Industry and global supply chains received some hopeful information this weekend regarding ongoing trade and tariff tensions and uncertainties, but any sigh of relief must remain cautionary.

Ceremonial Signing of USMCA

At the Group of 20 political and trade summit held this weekend in Buenos Aires, leaders from Canada, Mexico and the United States participated in a ceremonial signing of the newly negotiated U.S. Mexico and Canada Trade Agreement (USMCA). The agreemUSMA Signingent must now be ratified by legislative approval processes among all three nations. President Trump indicated to reporters that he will soon initiate a process for terminating the existing NAFTA trade agreement in favor of the reworked USMCA. That would initiate a six-month formal withdrawal period allowing lawmakers to ratify the new trade deal or allow NAFTA to terminate without a successor agreement. Such actions are somewhat consistent to the Trump Administration’s ongoing hard stances and ultimatums related to trade actions.

As The Wall Street Journal opined this weekend, the process now turns to lobbyists on behalf of companies, trade groups and labor unions to “fine-tune” agreement provisions.  Already, disagreements and concerns have focused on the continued imposing of steel and aluminum tariffs with regards to Canada and Mexico, the new imposition of drug patent protection provisions along with the movement of low-value parcels across the three borders. Likely to trigger more intensity in lobbying news cycle activity is the provisions for promoting increased labor rights for Mexican workers.

Pause of China- U.S. Trade War

Attention then turned to the results of a Saturday dinner meeting held between Chinese President Xi Jinping and U.S. President Donald Trump, accompanied by key trade negotiators from each country. The result was headlined as a cease-fire in the building trade conflict. It included the announced postponement of U.S. threatened actions to hike tariffs from 10 to 25 percent of a previously announced $200 billion in products. A new timeline extending for another three months allows trade negotiators to resolve nagging issues that relate to forced technology transfer among U.S. companies doing business in China, non-tariff barriers that impede access to broader China markets, and issues of cyber related espionage.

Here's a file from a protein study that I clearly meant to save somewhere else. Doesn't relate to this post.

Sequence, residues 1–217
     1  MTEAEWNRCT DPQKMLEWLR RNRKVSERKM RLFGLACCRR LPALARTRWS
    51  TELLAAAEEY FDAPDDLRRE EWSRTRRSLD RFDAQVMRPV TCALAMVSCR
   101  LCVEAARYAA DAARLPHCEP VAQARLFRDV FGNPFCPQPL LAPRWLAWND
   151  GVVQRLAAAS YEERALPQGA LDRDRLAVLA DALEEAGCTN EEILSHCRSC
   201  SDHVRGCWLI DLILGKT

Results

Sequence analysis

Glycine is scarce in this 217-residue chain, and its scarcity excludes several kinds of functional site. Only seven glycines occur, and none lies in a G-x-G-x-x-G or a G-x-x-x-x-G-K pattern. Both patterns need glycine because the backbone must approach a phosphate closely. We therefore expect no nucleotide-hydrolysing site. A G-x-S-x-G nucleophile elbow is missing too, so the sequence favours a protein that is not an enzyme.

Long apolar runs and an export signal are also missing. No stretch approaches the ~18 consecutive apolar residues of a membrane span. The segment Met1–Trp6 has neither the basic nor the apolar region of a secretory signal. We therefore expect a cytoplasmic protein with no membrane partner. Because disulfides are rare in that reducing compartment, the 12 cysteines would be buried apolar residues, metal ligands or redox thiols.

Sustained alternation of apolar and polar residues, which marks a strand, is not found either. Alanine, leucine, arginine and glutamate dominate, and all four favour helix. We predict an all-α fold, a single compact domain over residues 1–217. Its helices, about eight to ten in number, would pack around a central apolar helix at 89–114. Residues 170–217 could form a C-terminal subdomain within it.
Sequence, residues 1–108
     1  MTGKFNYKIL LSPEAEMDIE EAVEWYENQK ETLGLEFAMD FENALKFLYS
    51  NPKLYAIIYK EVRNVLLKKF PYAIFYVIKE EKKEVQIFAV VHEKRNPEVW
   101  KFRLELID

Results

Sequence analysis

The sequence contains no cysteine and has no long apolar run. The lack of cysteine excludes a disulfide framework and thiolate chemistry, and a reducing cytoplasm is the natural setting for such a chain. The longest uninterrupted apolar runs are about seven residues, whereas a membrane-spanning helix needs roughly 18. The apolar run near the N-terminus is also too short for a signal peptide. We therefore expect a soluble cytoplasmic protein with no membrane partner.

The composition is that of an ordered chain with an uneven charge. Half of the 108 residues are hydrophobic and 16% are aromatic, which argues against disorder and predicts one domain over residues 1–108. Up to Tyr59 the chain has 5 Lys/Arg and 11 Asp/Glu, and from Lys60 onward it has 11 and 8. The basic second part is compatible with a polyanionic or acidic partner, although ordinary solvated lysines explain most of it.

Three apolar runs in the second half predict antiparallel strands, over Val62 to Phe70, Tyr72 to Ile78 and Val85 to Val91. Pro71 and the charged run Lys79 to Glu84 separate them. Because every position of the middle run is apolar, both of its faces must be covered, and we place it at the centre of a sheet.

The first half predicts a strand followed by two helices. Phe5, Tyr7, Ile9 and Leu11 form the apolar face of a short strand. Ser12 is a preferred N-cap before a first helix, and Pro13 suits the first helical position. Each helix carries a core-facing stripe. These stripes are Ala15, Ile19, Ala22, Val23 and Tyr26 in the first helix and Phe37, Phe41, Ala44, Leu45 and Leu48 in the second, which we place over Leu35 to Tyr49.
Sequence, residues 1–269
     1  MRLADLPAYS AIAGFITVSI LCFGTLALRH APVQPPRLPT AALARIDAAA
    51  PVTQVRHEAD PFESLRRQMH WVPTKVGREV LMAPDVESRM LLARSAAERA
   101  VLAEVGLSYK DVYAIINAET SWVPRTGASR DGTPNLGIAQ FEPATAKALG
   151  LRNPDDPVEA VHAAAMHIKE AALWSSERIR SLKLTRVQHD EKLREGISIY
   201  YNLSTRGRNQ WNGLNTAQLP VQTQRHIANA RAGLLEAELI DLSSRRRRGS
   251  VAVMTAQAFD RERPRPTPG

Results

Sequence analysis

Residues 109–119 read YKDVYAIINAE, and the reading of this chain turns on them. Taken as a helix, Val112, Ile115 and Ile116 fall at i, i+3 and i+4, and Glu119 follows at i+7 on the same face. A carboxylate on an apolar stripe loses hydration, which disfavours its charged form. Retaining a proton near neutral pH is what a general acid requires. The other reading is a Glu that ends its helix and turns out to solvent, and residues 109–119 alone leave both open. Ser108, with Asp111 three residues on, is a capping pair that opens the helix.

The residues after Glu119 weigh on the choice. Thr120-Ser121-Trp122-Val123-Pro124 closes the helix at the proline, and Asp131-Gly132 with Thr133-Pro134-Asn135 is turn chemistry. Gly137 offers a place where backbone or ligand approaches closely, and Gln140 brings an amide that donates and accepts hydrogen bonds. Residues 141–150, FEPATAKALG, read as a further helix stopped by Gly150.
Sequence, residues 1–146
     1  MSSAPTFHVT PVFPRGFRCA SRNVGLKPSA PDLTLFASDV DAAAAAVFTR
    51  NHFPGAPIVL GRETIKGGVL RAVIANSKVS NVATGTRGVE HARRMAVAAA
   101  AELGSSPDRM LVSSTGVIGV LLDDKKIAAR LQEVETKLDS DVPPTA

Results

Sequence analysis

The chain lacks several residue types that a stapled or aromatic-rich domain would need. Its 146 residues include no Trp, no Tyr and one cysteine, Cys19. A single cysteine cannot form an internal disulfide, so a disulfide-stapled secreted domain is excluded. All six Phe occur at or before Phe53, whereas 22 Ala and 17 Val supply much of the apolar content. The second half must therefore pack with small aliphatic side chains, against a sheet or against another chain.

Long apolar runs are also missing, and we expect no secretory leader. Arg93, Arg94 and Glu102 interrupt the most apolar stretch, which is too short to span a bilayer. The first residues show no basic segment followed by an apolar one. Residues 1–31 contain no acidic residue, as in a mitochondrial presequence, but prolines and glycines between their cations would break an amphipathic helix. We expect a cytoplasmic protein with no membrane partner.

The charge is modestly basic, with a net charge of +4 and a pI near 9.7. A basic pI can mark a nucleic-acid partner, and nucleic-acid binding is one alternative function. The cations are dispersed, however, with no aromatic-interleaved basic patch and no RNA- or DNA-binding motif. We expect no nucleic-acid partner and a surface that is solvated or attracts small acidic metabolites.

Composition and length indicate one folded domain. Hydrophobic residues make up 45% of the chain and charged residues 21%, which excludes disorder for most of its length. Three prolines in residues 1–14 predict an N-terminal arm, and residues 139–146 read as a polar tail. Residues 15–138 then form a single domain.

The U.S. delegation reportedly indicated that China agreed to buy more agricultural products , would provide added assistance with nuclear disarmament discussions with North Korea, and would intensifying efforts to curtail the export of highly addictive opioid drug fentanyl. No formal statement was issued by China regarding any agreement reached.

G20 Leaders’ Declaration

Included within 31 joint declarations coming out of this weekend’s G20 summit was an acknowledgement that international trade and investment are important engines of growth and that the system of governance is currently falling short of its objectives with room for improvement. The forum supported necessary reforms to the World Trade Organization (WTO) to improve its functioning, aa well as review progress at the next Summit meeting.

Also included were statements acknowledging the latest IPCC Special Report on the Impacts of Global Warming and recognition of the importance of comprehensive adaption strategies in infrastructure resilient to extreme weather events and disasters. The body reaffirmed that the Paris Agreement on Climate Change is irreversible and committed to its full implementation. The U.S. however, reiterated its decision to withdraw from the Paris Agreement.

Situation

While the U.S. stock market jumped over 250 today on reports of an easing of trading tensions, companies whose products or supply chain components had not as yet been significantly impacted obviously incurred a sigh of relief on this weekend’s news. That stated, and beyond the boundless optimism of politicians, industry and global supply chains cannot take pause as they approach 2019.

The global trade and tariff landscape will remain uncertain for months to-come and the pressures on individual supply and demand networks will remain. Presuming that increased tariffs can eventually translate to higher prices for products is an individual decision that many companies will continue to contemplate in the coming weeks. Meanwhile, the latest individual global-based PMI data for November seem to indicate that developing countries such as India, Mexico, Thailand and Vietnam are currently benefitting from increased export orders and supply chain activity.

 

Bob Ferrari

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